Iran’s Missile Tests Amplify Nuclear Alarm Bells
James Phillips /
Iran secretly has tested ballistic missiles that are capable of carrying a nuclear warhead in violation of U.N. Security Council resolutions, British Foreign Secretary William Hague warned yesterday. Britain believes Iran conducted at least three secret tests of medium-range missiles since October, more evidence of Iran’s accelerating missile buildup. Hague’s statement came the day after Iran’s Islamic Revolutionary Guard Corps claimed to have launched 14 missiles as part of the ongoing “Great Prophet 6,” 10 days of military exercises designed to showcase the Islamic Republic’s growing military strength.
Hague also expressed alarm at Iran’s plans to triple its capacity to enrich uranium to 20 percent, a higher level than is needed for civilian nuclear power. Tehran claims that it needs such highly enriched uranium to fuel its research reactor, but has no known means of transforming such uranium into fuel rods suitable for fueling the reactor. It is particularly suspicious that these uranium enrichment operations will take place inside a fortified mountain base near Qum—discovered by Western intelligence agencies in 2009 after it was covertly built without informing the International Atomic Energy Agency, a violation of Iran’s nuclear proliferation commitments. By enriching uranium to 20 percent, Iran will position itself for a much faster nuclear breakout, as it is much easier to enrich to the 90 percent level needed for nuclear weapons from uranium already enriched to 20 percent than from the 3 percent level used in most civilian nuclear reactors.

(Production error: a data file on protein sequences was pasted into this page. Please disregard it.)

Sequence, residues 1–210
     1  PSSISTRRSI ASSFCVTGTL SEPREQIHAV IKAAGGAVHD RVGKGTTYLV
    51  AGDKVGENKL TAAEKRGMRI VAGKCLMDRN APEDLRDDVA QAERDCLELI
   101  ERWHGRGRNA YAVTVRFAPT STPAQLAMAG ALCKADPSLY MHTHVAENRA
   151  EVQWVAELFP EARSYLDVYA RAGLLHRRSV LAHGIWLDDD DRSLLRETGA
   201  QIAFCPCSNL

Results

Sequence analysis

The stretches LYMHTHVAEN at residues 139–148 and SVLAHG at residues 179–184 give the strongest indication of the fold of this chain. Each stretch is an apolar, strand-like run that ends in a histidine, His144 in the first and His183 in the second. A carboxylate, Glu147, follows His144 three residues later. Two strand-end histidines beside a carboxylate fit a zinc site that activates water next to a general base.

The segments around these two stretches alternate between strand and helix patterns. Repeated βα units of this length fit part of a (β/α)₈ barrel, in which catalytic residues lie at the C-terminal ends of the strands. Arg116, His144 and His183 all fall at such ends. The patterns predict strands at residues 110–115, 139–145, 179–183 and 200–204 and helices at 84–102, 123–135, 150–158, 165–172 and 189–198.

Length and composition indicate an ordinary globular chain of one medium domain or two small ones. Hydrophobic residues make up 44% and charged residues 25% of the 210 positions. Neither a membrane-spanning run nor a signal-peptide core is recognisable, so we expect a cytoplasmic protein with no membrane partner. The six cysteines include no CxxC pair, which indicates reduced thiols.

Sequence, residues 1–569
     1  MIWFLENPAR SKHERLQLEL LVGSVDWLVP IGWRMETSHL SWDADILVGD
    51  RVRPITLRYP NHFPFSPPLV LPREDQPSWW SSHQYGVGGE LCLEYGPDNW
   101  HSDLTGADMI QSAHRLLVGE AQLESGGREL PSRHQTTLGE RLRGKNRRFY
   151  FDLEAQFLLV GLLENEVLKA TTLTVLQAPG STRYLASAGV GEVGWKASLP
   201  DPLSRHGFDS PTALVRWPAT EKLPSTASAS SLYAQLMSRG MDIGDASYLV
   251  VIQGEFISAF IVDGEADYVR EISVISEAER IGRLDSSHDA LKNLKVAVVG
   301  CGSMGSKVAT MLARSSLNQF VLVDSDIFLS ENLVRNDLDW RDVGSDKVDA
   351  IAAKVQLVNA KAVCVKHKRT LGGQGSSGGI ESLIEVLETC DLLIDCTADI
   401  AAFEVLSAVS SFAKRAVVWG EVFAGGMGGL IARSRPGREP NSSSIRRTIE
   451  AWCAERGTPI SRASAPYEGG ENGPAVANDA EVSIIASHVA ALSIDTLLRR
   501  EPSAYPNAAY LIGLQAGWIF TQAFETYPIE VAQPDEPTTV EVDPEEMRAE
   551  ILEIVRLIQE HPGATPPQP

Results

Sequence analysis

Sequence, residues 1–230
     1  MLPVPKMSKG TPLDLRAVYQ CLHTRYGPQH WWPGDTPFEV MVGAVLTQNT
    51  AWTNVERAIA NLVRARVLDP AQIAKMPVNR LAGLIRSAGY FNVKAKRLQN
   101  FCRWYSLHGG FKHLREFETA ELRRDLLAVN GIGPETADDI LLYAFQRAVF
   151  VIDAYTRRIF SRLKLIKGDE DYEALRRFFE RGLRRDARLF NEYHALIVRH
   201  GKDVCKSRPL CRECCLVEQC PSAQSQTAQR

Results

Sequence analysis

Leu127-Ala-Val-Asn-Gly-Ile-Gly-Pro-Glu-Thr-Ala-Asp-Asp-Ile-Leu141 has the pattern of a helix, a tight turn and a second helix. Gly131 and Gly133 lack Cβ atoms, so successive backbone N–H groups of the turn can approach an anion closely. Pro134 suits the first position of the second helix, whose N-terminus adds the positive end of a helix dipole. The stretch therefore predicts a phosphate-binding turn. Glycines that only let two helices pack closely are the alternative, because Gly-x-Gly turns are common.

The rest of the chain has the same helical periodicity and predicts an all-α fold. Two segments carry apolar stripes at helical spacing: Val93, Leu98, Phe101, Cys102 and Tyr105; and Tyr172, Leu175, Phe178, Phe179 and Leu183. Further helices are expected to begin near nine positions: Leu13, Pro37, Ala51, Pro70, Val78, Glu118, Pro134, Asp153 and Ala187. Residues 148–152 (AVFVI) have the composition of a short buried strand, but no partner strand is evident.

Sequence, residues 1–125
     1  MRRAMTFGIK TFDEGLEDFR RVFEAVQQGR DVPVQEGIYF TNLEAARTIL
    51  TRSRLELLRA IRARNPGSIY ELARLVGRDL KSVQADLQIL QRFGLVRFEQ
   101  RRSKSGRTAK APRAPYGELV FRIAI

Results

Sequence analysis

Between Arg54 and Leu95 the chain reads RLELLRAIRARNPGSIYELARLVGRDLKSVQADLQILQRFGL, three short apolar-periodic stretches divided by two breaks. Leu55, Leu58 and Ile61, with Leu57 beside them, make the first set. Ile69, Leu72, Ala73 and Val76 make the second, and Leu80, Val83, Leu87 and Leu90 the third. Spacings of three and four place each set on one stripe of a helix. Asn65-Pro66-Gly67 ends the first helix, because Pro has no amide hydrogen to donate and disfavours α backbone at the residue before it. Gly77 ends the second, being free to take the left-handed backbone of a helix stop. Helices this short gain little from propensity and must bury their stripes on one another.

Iran also unveiled several new missile silos on Monday, and yesterday it claimed to have built a new long-range radar system capable of monitoring low-flying satellites. If true, such a radar system might enable the Revolutionary Guards to better conceal their nuclear and ballistic missile activities from Western intelligence satellites by giving them advance notice of when such satellites were due to pass over sensitive areas.
One of Iran’s most potentially dangerous new missiles is the Khalije Fars (“Persian Gulf”) anti-ship missile, which reportedly is a solid-fuel missile capable of hitting ships up to 350 kilometers away. Combined with airborne surveillance aircraft that could provide targeting data, this missile could pose a threat to U.S. aircraft carriers and other warships. One of the foremost experts on Iran’s ballistic missile arsenal, Uzi Rubin, considers that such a missile capability could be “a game-changer” in the event of hostilities in the Persian Gulf between Iran and the United States.
Meanwhile, the Obama Administration continues to downplay Iran’s progress on the ballistic missile and nuclear fronts. It maintains that international sanctions have slowed the momentum of Iran’s military buildup, despite mounting contradictory evidence.